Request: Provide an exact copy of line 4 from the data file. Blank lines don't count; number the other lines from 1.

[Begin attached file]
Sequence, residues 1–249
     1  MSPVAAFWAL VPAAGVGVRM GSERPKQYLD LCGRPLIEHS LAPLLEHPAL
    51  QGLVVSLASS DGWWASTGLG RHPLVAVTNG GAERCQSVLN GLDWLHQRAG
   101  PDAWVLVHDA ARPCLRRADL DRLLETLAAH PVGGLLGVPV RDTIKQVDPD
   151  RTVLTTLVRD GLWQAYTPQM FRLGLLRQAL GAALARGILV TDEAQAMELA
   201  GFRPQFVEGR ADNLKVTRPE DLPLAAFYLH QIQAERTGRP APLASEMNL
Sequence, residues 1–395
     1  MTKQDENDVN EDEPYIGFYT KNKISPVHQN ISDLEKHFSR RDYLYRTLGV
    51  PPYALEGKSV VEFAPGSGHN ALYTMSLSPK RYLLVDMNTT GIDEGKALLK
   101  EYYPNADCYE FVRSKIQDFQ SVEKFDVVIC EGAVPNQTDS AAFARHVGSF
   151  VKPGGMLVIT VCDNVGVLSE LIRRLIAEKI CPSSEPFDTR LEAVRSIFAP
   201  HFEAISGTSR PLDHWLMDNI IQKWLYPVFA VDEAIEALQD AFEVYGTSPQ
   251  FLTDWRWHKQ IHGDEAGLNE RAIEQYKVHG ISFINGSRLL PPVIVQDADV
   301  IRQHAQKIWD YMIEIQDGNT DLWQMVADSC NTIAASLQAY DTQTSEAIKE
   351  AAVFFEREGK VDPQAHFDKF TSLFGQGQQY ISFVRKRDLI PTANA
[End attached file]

   101  PDAWVLVHDA ARPCLRRADL DRLLETLAAH PVGGLLGVPV RDTIKQVDPD